FairPrice Group celebrates 50th anniversary with pledge to moderate cost of living
FairPrice Group celebrated its 50th anniversary on Saturday with a pledge to moderate the cost of living for Singaporeans. It will do so by setting the benchmark for prices of daily staples and keeping food and essentials within reach of consumers and readily available, said group chief executive Vipul Chawla on Saturday.
Singapore’s largest retailer and social enterprise has returned more than $780 million to the community since 2019 in the form of discounts, rebates and donations.
To mark its 50th year, FairPrice Foundation also donated $50 million to the Health for Life Fund, which will benefit seniors, especially those in the lower-income group. This is the largest amount FairPrice Foundation has donated to date.
At its gala dinner at Marina Bay Sands on Saturday, FairPrice Group presented the guest of honour, Prime Minister Lee Hsien Loong, with the book The Price Of Being Fair, produced to commemorate the company’s golden jubilee.
The book tells the story of Singapore’s top grocery retailer, from the opening of the first store in Toa Payoh in 1973, to becoming a food enterprise with a turnover of $4.3 billion.
The FairPrice Group’s proceeds from the sale of the book will go to community programmes.
Speaking to some 2,000 guests at the event, PM Lee recalled how the first NTUC supermarket was opened by the Government in 1973 during a period of sharp global inflation, when food prices in Singapore rose by more than 40 per cent in a year.
“Its social mission was to moderate the cost of living by providing a range of essential products at competitive prices,” he said.
While standards of living have gone up, FairPrice has stood by its mission to keep prices affordable, helping to assure Singaporeans during periods of uncertainty such as the Covid-19 pandemic, he said. When export restrictions on necessities led to panic buying, he said, FairPrice’s strategy of stockpiling, forward buying, and diversifying import sources helped to overcome supply disruptions.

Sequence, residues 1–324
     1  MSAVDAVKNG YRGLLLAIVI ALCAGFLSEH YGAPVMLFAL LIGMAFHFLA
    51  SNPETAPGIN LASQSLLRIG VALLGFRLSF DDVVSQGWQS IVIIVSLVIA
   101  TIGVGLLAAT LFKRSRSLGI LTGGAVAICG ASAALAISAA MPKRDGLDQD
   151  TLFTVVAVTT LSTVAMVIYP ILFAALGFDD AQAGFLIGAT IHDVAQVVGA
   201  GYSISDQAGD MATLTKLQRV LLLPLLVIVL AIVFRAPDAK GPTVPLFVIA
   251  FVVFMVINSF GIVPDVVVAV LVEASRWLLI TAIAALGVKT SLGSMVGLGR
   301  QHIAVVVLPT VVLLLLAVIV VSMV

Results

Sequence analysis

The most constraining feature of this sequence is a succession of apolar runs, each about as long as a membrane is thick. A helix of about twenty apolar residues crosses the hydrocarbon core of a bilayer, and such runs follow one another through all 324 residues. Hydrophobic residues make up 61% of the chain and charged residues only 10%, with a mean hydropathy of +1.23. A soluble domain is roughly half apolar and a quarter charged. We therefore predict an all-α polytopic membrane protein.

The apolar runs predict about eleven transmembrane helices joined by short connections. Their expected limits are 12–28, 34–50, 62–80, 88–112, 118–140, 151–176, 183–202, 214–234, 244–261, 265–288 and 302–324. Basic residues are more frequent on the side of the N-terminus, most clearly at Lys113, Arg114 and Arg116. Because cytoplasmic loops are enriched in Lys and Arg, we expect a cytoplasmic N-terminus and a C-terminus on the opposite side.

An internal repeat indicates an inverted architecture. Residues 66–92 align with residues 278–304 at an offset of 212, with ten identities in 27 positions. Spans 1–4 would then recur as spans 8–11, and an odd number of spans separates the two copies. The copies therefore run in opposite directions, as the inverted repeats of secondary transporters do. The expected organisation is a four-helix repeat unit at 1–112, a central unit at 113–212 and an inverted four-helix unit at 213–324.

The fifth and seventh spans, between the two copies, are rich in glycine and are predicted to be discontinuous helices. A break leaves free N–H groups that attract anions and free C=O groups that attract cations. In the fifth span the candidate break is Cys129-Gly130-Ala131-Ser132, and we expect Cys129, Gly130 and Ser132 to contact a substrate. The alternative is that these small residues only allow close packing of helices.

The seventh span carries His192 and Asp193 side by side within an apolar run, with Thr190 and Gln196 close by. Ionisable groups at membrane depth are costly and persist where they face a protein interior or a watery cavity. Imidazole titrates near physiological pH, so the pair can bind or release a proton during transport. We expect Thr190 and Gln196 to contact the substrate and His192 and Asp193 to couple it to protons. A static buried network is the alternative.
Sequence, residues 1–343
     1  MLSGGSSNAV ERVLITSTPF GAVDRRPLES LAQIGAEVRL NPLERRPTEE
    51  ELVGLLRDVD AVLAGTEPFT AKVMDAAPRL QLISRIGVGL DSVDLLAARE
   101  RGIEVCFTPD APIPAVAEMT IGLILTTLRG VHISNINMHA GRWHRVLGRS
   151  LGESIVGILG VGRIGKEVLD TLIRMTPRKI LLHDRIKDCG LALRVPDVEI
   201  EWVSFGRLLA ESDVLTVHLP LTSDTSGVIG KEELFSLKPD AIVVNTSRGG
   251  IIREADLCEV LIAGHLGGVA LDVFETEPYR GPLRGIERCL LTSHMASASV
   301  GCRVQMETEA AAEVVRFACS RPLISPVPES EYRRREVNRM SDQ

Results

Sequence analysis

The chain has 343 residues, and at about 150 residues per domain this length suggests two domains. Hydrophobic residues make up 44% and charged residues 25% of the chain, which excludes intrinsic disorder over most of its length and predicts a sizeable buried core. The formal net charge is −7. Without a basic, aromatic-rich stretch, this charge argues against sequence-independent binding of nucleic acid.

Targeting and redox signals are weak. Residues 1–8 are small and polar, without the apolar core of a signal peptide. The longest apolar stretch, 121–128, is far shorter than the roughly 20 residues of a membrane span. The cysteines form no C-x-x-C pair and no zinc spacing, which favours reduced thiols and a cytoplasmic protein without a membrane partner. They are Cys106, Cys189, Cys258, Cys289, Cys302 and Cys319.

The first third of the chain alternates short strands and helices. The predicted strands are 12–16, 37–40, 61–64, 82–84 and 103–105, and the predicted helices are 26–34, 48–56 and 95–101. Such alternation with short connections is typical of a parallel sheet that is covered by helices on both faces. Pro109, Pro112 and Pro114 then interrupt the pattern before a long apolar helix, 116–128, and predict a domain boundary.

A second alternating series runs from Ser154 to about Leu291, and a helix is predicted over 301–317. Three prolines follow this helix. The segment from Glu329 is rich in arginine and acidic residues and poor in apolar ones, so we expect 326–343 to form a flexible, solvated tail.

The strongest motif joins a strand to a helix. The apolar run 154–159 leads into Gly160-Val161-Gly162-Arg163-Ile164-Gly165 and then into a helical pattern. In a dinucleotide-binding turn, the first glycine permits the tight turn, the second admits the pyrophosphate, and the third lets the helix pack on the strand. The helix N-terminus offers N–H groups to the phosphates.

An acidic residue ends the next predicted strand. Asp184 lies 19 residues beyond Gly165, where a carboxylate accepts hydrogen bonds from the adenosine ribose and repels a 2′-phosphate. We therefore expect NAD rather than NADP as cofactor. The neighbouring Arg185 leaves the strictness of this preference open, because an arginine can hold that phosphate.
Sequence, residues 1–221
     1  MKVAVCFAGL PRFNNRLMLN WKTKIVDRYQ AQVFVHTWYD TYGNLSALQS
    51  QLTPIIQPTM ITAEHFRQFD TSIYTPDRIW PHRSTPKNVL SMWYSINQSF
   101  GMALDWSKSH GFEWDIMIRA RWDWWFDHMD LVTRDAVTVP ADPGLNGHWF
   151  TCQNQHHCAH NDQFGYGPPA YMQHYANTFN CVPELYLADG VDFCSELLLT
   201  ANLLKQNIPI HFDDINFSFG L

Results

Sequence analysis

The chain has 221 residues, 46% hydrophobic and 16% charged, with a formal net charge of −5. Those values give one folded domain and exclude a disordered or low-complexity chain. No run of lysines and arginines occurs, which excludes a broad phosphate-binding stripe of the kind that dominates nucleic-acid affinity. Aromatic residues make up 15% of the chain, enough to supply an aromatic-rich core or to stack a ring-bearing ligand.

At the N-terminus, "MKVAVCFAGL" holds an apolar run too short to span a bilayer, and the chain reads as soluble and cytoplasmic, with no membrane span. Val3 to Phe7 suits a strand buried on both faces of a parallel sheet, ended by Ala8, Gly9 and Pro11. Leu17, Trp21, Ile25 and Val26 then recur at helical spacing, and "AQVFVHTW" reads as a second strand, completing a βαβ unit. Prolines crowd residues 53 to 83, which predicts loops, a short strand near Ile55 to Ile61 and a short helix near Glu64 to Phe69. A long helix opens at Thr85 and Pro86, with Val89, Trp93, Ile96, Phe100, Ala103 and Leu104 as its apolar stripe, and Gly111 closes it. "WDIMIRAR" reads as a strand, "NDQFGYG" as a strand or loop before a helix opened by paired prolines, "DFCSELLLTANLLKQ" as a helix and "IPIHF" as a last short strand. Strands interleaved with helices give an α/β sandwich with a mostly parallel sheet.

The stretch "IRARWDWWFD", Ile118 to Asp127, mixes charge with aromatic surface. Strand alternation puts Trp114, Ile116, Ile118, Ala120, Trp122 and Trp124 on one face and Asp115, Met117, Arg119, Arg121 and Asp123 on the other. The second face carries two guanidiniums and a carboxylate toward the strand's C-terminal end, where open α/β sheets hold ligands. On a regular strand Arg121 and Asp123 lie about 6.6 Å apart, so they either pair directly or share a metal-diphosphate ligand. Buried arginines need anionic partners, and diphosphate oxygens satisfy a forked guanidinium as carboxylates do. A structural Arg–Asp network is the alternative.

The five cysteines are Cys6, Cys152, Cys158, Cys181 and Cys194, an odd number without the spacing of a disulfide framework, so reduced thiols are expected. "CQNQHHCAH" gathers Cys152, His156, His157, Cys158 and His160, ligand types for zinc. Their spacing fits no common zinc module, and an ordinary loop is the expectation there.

It also rolled out a FairPrice on Wheels programme during the circuit breaker, when it had vans deliver daily essentials to residents in selected estates.
“These actions went beyond ensuring that we had sufficient supplies. More importantly, they gave convincing assurance to Singaporeans that daily necessities were still available, and that we would be all right,” said PM Lee.
Beyond the pandemic, he said, consumers today enjoy discounts through value programmes like the “Greater Value Every Day” campaign in which FairPrice controls price increases on popular essentials, and also gives a special 50 per cent discount on selected items weekly.
He cited how FairPrice extended the Pioneer Generation, Merdeka Generation and Chas Blue discount schemes in 2022, and saved customers over $11.5 million.
FairPrice also absorbed the GST increase on 500 essential items from January to June in 2023, he added.
“Singaporeans know they can count on FairPrice to ensure that their basic necessities will always be available, and always be affordable. This gives a great deal of psychological reassurance and comfort, especially in uncertain times,” PM Lee said.
He noted that while FairPrice Group is a social enterprise, it is also operating as a business in a market economy, having to pay rent, wages, and taxes along with other commercially run supermarkets. “It therefore has to work doubly hard to continually reinvent itself and stay ahead of competition.”
PM Lee also pointed to FairPrice Group’s digitalisation efforts in partnering Standard Chartered to launch Trust Bank, Singapore’s first all-digital bank last September. This has allowed the more than half a million customers who signed up to enjoy more savings and a more seamless shopping experience, he said.
Mr Kee Teck Koon, chairman of FairPrice Group, said: “As we look back at the 50 years of endeavours and achievements, we remain true to our purpose – moderating the cost of living for all in Singapore and supporting the vulnerable in our community.”
Mr Vipul said: “Behind every step made by FairPrice Group lies our social mission beyond commercial considerations. FPG has chosen trade-offs on our bottom line in the last five decades so that we can keep our way of life in Singapore and serve the vulnerable among us, and this will remain the same.
“Like the National Trades Union Congress, we believe that the people we serve cut across different ages and stages of life, and we will continue to stay grounded even as we prepare for our next phase of growth and transformation.”